The poet Giovanni Giuseppe Battaglia was born in Aliminusa on May 24, 1951 and died there on Nov. 2, 1995 at the age of 40 years. The poet wrote both in dialect and Italian.

After La Terra Vascia and La Piccola Valle di Alì, he moved to Rome and met Gaetano Giganti e Pio la Torre protagonists of the occupation of lands in Sicily. He attends clubs that revolve around the political left and publishes Campa padrone che l'erba cresce (1977) with the presentation of T. De Mauro and cover of V. Ognibene.

He often comes back to Palermo, he writes in the magazine "Sindacato" directed by Aurelio Colletta, and begins his collaboration with the CGIL in Rome. In the early 80s he published the first edition of L'Ordine di Viaggio (1982), a collection of his poetry in dialect and, simultaneously, "approaching the language" he published Luoghi di terra e cielo. For the theater he writes: Alchimia, G III, Tutti ubriachi prima della fine, represented in the Teatro dell'orologio in Rome.

He closed in 1984, stormily, the relationship with the CGIL and he returned to Sicily. It's a difficult time but rich in works and meetings. He knows Michele Perriera and, for its theater school Teatès, writes Girello and Astorio Imperatore. He publishes, all in 1986, Genesi and Requiem, I luoghi degli elementi, Sonatine. He meets Carla Martinetto, that will give stability to his love life, and he returned to Rome where he began his collaboration with the Istituto Luce. They are perhaps the happiest years of his life. He publishes: Rocciàs (1987), Inventario degli strumenti del Padre e la Madre (1987) and the second edition of L'ordine di viaggio (1988). In the early 90s arrived the first signs of the disease warning and fears but that he will not ever admit.

He gathers his poetic work until 1986 in Poesie (1991), he publishes: Il Libro delle variazioni lente and Il Libro Mistico (1992). He has a special relationship and solidarity with painters and with them he publishes Notte (1991) with Louis Granetto and a preface by Alessandro Masi Fantasimà with Vincenzo Ognibene, Frainteso a scatto with drawings of Gianfranco Barucchello and a note of Biancamaria Frabotta. The relationships that link him to Bruno Caruso and Nicholas D'Alessandro are the oldest.

He moved to Turin, Carla's city, but, when his relationship with her ended, he backs to Palermo. In the Gallery of Modern Art in Gallarate is shown Lo stomaco è arte (1993), he composes I dodici mesi di Canegrate (1994) publishes many works of painters and La conta delle ore. Since April 1994 he lives in Milan with the painter Daniele Oppi, in the farmstead of Guado along the Ticino and on July 18 he returnes to Sicily. "Scuvassi a Sonu lèggiu a giuccu" is the beginning of his last trip.

Giuseppe Battaglia is one of the most significant post-war poets of Sicily and he ranks with his own apperance in a more comprehensive view of contemporary Italian poetry.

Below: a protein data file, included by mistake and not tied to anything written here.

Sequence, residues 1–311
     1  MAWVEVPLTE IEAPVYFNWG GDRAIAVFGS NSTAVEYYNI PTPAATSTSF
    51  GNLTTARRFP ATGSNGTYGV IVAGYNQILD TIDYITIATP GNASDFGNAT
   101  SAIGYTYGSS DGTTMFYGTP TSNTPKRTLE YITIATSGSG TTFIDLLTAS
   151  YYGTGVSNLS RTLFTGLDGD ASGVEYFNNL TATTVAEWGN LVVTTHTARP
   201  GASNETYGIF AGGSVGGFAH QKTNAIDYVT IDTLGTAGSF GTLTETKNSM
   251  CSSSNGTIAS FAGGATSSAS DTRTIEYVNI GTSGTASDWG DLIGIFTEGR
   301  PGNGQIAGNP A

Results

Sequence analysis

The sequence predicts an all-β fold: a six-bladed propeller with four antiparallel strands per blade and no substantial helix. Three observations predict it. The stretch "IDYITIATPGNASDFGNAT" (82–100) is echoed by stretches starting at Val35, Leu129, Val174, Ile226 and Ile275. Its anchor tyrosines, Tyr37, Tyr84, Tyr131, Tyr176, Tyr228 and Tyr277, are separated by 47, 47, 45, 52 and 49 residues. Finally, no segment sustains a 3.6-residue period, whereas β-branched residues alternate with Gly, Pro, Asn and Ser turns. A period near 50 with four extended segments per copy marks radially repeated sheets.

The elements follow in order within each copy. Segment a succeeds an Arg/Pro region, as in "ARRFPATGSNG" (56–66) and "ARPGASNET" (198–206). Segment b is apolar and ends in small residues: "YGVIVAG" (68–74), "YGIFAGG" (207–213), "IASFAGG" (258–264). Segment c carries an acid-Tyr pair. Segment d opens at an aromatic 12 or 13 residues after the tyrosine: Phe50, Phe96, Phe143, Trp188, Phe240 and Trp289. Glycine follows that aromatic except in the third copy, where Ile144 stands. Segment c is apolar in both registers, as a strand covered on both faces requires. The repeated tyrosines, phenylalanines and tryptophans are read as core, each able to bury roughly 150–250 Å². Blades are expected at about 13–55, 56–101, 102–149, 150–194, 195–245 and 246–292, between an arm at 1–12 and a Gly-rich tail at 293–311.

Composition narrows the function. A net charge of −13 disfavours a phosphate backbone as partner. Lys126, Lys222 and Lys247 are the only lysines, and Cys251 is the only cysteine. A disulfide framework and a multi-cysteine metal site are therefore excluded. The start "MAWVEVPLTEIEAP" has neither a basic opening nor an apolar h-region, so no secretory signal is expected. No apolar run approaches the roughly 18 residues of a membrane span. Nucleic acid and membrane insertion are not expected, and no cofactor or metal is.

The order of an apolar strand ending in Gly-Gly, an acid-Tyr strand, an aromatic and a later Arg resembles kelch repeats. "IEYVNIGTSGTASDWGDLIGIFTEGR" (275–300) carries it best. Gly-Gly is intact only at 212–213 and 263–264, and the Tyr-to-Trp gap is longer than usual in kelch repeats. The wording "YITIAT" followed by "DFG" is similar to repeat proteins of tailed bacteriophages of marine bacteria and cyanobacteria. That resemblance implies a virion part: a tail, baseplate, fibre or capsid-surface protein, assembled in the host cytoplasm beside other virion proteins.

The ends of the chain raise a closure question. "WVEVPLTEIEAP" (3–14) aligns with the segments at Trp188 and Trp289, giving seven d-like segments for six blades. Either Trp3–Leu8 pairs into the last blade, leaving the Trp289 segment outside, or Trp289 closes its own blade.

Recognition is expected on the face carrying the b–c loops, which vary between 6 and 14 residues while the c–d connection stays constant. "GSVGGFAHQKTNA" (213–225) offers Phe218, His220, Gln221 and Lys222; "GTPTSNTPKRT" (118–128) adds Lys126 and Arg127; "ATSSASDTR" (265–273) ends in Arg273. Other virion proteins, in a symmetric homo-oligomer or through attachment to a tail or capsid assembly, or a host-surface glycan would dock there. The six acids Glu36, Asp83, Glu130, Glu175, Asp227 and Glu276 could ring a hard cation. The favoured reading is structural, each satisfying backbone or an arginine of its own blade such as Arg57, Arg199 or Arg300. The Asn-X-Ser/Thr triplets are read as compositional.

It is not easy to outline the context in which the mature poetic personality of Battaglia; first of all it should not be separated from the national framework and the turmoil that sprang from the great social events of the war such as the crisis of civilization, the new migrations and the expansion of industrial society.

Battle is a dialect poet. In fact, since the early sixties there was in Italy an amazing flowering of poetic writing in dialect by young authors, unusual because in those years was outlined a real decline of vernacular culture in general, and in particular dialect. This can be explained by reconnecting to the fact that the dialect is seen as a linguistic tool less worn, offering an alternative to the literary language, and that the great post-war social poetry can not choose, because it is the language of the past, It can more effectively express the contemporary condition; the topics such as work, suffering, subordination, rebellion are all immersed in the dialect horizon, and at the same time give meaning to social and cultural revival that has marked the entire postwar period. It is in this context that fits the literary poetry of Battaglia, who in addition to being in the civil complaint is time to give a voice to the working classes and peasants of their community, with a hard and severe language typical of the "land".

His poetic universe revolves in a microcosm, Aliminusa, that from its poetry received a sort of certificate of existence. Don Cosimo Scordato tells about his poetry: "Battaglia's poetry is the space between his strong identity of rural culture and his difficult assimilation of the urban world; there are not prejudiced closures, but if you take the road of Battaglia city, his heart remains attached to his land and, with it, its face, its religion and its rituals, the singing of its birds, the scent of its flowers and the wind that shakes everything and caresses; however, the city is more tough than it is tiring in his mother's house and his father's work in the seasons of seed and harvesting, and the artist goes from a city that promises but does not keep, and a village that does not promise because it has already given, but it takes time to appreciate its gifts."